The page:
By Terrence McCoy
By Scott Fishman
By Deirdra Funcheon
By Allie Conti
By New Times Staff
By Ryan Pfeffer
By Deirdra Funcheon
By Kyle Swenson
So when did a holiday celebration like the boat parade turn into a commercial venture equal to the Super Bowl? We now count 62 sponsors of this mega-extravaganza.
There are so many benefactors lined up hoping to get their names before the half-million attendees that the event organizers had to devise numerous contribution levels to accommodate them.
First comes the ubiquitous "title sponsor." If you cough up enough money, they have to put your name everywhere that this thing is mentioned. So it's not just the boat parade, it's the BellSouth Winterfest Boat Parade Presented by Nokia Featuring Holiday Theater of the Sea. Too bad that rich bald person didn't get his mitts on it and somehow add National Car Rental Center or Republic to the name.
In order to figure out the levels of sponsorship, we had to refer to the special BellSouth Winterfest Boat Parade Presented by Nokia Featuring Holiday Theater of the Sea program.
If you can't get in on the hyperextended name, then there's an offering of "presenting sponsors," which is somehow superior to "official sponsors," who are just a little better than "founding sponsors," who lord over the "event sponsors," followed by the plain ol' "boat parade sponsors," and finally there are the "contributing sponsors," whose contributions apparently don't mean that much.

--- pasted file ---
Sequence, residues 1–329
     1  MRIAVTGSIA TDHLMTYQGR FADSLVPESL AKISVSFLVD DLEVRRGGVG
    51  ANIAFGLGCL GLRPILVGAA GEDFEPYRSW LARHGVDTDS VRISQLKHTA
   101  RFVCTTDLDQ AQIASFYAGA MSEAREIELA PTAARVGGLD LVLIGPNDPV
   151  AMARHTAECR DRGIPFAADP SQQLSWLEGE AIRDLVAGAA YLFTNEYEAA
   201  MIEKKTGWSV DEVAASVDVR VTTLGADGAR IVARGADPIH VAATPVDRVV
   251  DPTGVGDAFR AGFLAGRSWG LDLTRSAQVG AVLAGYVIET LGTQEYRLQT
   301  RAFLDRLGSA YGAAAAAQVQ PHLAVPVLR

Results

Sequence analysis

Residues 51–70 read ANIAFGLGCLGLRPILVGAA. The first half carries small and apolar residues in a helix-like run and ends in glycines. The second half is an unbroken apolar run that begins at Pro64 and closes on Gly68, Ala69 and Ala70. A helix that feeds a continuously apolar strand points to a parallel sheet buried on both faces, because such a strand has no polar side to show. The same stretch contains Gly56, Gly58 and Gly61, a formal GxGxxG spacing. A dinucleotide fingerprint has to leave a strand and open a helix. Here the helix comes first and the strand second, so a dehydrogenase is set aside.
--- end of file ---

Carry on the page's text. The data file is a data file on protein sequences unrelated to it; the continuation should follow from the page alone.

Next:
We get a real sense now of what holiday giving is all about.
The Palm Beach County nursing home has spent the last few weeks engaged in fruitless efforts to derail a unionization drive organized by the Union of Needletrades, Industrial, and Textile Employees (UNITE). In the weeks before the election, a disturbing flier was circulated among the home's 100-odd, largely Haitian work force. With the New Times logo prominently displayed on its front, the four-page flier recounts our story describing how a previous UNITE effort to organize a shrimp-processing plant in Deerfield Beach had resulted in the plant closing its doors and relocating to Jacksonville.
Just in case anyone could possibly miss the point, the flier drives it home at the bottom of the back page: "Here at Avante... we would bargain in good faith... but bad things can and do happen...."
Only one problem. In its selective editing of the original article (for which Avante failed to ask permission to reprint), the nursing home left out an important point: It's illegal to threaten employees to prevent them from voting for a union.
Of course labor lawyers say those kinds of threats are difficult to prove, because they're easy to shroud in shades of disguising gray. But then again, disguised or not, sometimes threats can also backfire. The flier ends: "It all depends on the union's demands in negotiations.... Are you prepared to take that risk?" The answer was a resounding YES: The union won the November 23 vote by a margin of more than two to one.
Undercurrents wants to know about any and all political deals, media screwups, and particularly dumb memos from bureaucrats. Let us know. Call 954-233-1581, fax 954-233-1571, or e-mail email@example.com.